For example, Levin, together with a team of researchers, has evaluated interventions that would improve the rate of high school graduation for black males. He will provide estimates of the cost of implementing such interventions on a national scale and compare those costs with estimated benefits of reduced costs of health care and crime and increased income and taxes.
The other presenters are:
Richard Rothstein, Tisch Visiting Professor at Teachers College, former New York Times education columnist, Economic Policy Institute fellow and author of Class and Schools. He will present a statistical overview of the extent of the educational equity gap and its causes-many of which extend beyond the classroom.
Enrico Moretti, University of California at Berkeley. He will attempt to quantify the potential effect on crime rates and crime costs of boosting the number of high school graduates. Taking into account the costs of keeping more students in school through graduation, he finds that cost savings to the criminal justice system associated with increasing graduation rates for male students alone by just one percent would run into the billions of dollars.
Irwin Garfinkel, Jane Waldfogel and Brendan Kelly, Columbia University School of Social Work. What is the increased risk of being on public assistance, food stamps or housing assistance associated with failure to graduate from high school, and what is the additional cost to taxpayers? Each of these programs costs America roughly $30 billion annually. Working from data that includes the Current Population Survey, the researchers anticipate that-based on preliminary findings-public savings achieved simply by boosting graduation rates could amount to many billions of dollars.
Peter Muennig, Columbia School of Public Health: Many studies have shown that increased education is clearly associated with better health and longer life expectancy. Working from several years of data from the Medical Expenditure Panel Survey (produced by the federal Agency for Health Research and Quality), Muennig asks: What does the public pay for increased use of public health facilities and insurance associated with poor education, and what is the cost of the less healthful lifestyles of those who are less well educated?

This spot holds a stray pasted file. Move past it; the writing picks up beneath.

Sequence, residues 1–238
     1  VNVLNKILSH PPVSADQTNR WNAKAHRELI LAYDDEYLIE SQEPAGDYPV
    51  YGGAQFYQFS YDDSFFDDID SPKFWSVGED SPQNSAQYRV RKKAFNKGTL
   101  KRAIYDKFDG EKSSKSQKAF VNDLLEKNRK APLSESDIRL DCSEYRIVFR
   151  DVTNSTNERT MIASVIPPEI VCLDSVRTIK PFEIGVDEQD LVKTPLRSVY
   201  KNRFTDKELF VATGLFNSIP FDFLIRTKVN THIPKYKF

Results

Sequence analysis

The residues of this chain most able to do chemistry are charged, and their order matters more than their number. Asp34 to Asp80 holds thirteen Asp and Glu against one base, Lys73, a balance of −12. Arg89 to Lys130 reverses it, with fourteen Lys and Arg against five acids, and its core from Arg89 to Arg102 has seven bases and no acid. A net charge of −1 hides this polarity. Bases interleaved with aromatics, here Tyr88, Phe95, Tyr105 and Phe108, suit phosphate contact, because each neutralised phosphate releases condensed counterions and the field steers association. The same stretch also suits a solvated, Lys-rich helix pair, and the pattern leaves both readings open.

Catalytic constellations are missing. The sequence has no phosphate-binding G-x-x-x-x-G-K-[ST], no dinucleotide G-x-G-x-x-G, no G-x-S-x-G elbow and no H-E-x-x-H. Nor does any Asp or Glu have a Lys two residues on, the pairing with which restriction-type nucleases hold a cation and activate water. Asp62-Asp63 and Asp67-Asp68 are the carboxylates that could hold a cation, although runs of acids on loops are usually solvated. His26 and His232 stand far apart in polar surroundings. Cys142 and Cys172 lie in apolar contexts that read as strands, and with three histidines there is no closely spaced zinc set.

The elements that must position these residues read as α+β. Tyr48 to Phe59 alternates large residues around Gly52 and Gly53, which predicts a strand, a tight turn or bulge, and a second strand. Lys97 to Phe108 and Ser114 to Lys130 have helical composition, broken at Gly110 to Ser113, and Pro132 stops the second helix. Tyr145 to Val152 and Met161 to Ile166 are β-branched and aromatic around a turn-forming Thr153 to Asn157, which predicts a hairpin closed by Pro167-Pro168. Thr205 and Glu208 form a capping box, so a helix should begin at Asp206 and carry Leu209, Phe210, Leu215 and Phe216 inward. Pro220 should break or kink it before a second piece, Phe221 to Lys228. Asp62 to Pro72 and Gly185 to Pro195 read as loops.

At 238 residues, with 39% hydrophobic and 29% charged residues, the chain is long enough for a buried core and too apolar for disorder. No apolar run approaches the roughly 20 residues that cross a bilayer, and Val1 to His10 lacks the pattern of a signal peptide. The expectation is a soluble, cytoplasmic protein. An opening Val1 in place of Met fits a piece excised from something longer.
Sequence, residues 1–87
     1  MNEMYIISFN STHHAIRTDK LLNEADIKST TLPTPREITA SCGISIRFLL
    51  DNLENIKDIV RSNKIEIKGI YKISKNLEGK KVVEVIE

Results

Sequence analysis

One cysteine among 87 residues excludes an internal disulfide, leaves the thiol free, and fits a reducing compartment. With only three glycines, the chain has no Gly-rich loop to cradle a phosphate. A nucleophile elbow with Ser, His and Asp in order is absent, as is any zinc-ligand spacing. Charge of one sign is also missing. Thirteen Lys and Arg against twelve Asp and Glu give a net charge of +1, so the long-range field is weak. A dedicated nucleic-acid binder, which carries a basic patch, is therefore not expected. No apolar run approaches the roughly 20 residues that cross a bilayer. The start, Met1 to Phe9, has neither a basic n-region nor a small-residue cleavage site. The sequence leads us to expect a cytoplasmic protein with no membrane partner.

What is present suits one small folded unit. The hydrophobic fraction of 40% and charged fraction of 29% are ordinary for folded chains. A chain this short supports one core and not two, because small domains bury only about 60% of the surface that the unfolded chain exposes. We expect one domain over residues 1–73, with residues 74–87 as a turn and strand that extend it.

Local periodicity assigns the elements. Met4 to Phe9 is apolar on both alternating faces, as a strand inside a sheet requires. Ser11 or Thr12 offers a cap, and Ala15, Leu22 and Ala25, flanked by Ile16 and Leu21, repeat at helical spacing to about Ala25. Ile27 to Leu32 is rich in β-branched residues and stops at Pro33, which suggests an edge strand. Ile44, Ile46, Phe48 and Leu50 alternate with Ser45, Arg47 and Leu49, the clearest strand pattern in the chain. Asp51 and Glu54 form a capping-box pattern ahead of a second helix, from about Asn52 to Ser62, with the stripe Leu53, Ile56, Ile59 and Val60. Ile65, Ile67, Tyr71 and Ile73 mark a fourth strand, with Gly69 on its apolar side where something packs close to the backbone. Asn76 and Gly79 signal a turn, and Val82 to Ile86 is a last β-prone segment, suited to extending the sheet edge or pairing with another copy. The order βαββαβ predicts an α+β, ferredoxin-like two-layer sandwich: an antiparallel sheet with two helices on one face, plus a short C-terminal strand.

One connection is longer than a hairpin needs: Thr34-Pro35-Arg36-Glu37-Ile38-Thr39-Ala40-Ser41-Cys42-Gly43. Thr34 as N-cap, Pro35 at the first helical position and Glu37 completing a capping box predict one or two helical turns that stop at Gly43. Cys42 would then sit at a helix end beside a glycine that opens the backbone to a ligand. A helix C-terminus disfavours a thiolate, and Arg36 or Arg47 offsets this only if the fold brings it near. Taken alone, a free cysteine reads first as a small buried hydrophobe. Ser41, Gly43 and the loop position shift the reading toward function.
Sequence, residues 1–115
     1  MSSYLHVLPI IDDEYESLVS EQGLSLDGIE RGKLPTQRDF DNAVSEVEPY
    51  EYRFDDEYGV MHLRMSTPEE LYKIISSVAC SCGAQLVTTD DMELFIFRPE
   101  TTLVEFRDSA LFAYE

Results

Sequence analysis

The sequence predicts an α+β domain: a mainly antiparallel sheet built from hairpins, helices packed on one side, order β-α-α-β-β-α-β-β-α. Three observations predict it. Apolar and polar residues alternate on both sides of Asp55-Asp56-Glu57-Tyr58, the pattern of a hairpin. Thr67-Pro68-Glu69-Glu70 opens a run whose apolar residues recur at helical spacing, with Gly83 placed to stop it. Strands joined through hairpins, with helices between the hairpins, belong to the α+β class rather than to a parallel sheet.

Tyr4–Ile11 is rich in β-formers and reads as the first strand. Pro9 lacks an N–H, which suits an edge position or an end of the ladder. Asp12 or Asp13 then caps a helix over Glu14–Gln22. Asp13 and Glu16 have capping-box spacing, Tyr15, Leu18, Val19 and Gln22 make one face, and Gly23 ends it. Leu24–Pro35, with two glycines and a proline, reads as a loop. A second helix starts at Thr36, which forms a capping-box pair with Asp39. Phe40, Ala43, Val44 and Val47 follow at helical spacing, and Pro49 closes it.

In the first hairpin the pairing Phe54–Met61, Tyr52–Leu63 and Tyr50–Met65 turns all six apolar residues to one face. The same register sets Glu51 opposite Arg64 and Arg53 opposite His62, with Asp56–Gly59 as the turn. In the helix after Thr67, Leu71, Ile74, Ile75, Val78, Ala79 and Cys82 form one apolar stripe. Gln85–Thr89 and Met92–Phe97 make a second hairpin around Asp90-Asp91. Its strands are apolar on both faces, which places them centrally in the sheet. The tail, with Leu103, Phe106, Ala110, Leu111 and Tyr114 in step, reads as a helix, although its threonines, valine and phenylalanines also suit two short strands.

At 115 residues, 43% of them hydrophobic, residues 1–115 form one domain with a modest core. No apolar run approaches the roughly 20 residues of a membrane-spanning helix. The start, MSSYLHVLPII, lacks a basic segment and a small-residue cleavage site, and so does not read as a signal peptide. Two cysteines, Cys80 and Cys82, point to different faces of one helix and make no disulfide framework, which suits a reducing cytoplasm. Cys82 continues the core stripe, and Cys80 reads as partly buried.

"To truly improve the chances of low-income children to succeed in school and thus in society, we need interventions that are much broader in scope, addressing home life, health and school quality. But to do this right, we also have to spend a lot of money, so it's important to know how much we are going to get back in terms of a healthier, more productive and more socially responsible citizenry," Muennig said.
Ronald Ferguson, Harvard/Kennedy School of Government. Ferguson summarizes the major (and often competing) schools of thought about how to reduce the educational equity gap and its costs, providing examples from research about the impact of the different policies. "No single strand of policy or practice stands out head and shoulders above the rest-each major perspective has something to contribute," Ferguson said. "Our biggest challenge is to try to integrate all of these approaches and reduce wasted energy in political battles for the moral high ground."
Other speakers at the Symposium will include Laurie Tisch, Board Chair of The Campaign for Educational Equity, and TC President Arthur Levine. On Wednesday, October 26, a smaller gathering of policymakers, legislators, foundation heads, business leaders and others will review findings from the Symposium-as well as the policy recommendations presented by Rebell-and attempt to fashion a detailed action agenda based on the Symposium's major findings. "Our goal, as with all aspects of the Campaign, is to make things happen," says Rebell.
Published Thursday, Sep. 8, 2005